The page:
At the beginning of the month, Sony released its latest smartphone – the Xperia XZ1, along with its smaller counterpart, the Xperia XZ1 Compact. With it came an intriguing new feature – a 3D scanner! The new phone is fitted with an app called 3D Creator that allows users to take a 3D scan of any object or person simply by moving the phone around said object or person. It was hardly surprising – experts have been saying for ages that eventually everyone will be able to use their smartphone as a 3D scanner, but it’s exciting to see that prediction become a reality.
Reviews have described the scanner app as a pretty good one – it’s speedy and offers tools that allow users to easily modify their scans. 3D scans are saved in .OBJ format, so they’re compatible with just about any 3D printer – however, despite the increasing popularity and accessibility of 3D printers, still many more people have smartphones than 3D printers. Many more people have smartphones, in fact, than could name a 3D printing service bureau. So what’s an unfamiliar-with-3D-printing XZ1 user to do if they want to turn one of their smartphone scans into an actual object?
Well, they could do a quick Google search, for one thing. But Sony and Sculpteo have made things even easier through a new partnership. Users of the 3D Creator app can send their files directly to Sculpteo, which will 3D print them and deliver them anywhere in the world. The object will be 3D printed in multi-colored material, and users can choose from several options regarding size. They can also pay directly from the app; it’s a fully integrated service.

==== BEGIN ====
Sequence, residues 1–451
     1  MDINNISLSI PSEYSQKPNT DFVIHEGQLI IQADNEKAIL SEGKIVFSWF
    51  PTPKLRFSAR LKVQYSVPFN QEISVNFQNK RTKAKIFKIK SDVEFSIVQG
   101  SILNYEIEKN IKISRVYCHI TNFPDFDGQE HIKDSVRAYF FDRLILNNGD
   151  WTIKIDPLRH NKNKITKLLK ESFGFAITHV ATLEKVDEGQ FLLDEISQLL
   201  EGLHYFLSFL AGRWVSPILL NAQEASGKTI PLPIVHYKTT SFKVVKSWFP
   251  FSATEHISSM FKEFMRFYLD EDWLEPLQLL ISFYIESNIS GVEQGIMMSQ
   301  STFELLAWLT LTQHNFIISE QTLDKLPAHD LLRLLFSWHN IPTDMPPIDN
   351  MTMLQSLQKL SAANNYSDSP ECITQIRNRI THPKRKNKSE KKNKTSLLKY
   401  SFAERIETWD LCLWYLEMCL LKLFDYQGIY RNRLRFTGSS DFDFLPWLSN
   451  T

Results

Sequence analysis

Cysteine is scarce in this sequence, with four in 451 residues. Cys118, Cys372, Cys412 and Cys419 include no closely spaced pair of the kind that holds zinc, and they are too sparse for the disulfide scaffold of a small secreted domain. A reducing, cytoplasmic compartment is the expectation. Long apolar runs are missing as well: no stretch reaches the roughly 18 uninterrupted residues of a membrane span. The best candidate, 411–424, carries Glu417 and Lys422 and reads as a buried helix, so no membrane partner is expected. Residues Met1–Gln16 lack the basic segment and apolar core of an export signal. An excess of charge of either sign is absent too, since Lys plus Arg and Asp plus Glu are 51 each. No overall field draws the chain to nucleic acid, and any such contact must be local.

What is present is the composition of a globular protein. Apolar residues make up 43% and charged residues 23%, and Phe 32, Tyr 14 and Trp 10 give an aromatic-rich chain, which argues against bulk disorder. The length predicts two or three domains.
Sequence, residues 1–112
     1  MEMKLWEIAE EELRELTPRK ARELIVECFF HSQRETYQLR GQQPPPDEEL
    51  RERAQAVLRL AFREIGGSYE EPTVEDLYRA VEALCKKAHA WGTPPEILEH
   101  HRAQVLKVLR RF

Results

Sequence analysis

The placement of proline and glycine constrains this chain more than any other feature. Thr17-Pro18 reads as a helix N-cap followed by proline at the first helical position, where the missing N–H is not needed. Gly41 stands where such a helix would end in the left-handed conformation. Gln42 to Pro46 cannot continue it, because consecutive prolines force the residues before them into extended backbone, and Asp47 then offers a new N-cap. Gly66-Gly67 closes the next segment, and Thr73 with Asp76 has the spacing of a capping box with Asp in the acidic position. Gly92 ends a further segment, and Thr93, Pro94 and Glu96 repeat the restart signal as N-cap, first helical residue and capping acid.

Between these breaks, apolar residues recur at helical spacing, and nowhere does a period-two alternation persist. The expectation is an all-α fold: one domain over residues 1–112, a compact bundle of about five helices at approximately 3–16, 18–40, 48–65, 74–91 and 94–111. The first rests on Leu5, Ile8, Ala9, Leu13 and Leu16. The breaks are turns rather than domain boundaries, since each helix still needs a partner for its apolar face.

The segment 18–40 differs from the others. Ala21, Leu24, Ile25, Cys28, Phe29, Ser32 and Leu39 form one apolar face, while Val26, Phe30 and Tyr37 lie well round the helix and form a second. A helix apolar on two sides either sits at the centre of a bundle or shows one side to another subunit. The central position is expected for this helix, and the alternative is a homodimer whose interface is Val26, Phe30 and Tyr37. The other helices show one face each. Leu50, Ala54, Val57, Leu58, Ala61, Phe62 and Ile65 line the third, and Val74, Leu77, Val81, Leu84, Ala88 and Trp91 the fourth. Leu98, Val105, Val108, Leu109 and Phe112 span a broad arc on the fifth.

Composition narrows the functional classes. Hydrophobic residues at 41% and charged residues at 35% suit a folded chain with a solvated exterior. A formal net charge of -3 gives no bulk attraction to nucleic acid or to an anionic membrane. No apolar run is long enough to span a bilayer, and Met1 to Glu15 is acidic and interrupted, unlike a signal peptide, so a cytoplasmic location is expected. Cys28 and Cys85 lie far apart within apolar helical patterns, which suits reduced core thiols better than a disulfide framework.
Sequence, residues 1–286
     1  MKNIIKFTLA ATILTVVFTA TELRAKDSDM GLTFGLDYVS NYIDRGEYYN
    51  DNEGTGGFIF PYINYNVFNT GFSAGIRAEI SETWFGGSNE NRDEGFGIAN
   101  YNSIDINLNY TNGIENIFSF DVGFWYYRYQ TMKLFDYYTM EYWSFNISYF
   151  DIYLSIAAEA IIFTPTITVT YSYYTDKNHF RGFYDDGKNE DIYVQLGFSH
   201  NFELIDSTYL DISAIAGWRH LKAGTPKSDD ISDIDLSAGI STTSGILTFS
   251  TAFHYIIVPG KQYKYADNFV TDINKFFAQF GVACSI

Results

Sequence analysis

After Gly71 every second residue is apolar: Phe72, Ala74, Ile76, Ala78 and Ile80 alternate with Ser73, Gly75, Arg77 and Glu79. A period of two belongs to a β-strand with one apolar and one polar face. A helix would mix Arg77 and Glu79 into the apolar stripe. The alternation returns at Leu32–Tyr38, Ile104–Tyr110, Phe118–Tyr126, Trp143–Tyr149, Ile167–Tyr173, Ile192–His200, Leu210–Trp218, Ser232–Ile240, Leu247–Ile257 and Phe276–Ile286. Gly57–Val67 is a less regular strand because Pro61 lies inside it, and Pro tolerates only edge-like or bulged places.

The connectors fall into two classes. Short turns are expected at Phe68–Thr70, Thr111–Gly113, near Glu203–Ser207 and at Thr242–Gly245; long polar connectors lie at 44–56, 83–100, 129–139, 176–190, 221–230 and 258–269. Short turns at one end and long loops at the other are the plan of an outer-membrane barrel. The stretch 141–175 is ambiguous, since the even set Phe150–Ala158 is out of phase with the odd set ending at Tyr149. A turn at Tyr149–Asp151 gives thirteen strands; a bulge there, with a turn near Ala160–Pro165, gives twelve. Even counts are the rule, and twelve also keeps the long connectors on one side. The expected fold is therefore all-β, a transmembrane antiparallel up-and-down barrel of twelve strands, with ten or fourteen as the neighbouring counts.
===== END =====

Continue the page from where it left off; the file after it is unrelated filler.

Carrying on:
“By becoming a built-in part of our precious smartphones, 3D printing is continuing its generalization and helping to further eradicate the boundaries between the digital and the real world,” said Clément Moreau, CEO and Co-Founder of Sculpteo.
Indeed, 3D printing has been integrated with smartphones in different ways for a while now. The two technologies are maturing together, and it’s interesting to see the many ways they complement each other. The world is now full of 3D printed smartphone cases and assorted accessories, but the two technologies have been used together for much more important purposes as well. Smartphones have been paired with 3D printed attachments in order to improve detection of multiple health conditions, from pancreatic cancer to diabetic retinopathy and infertility to superbugs.
Plenty of 3D printers allow remote monitoring from smartphones, which is extremely helpful – most of us carry our smartphones everywhere we go as if they’re glued to our hands. If we can check the status of our print jobs as often as we check Facebook, we’ll have far fewer spectacular catastrophes. Many of those same 3D printers can also be controlled from our smartphones. It makes sense – we do almost everything else with our smartphones, so why shouldn’t we be able to handle our 3D printing needs with them as well? Now we – at least those of us who own Xperia XZ1 phones – can handle our 3D scanning needs with them, too, and it likely won’t be long before the technology begins appearing on most other smartphone models as well.
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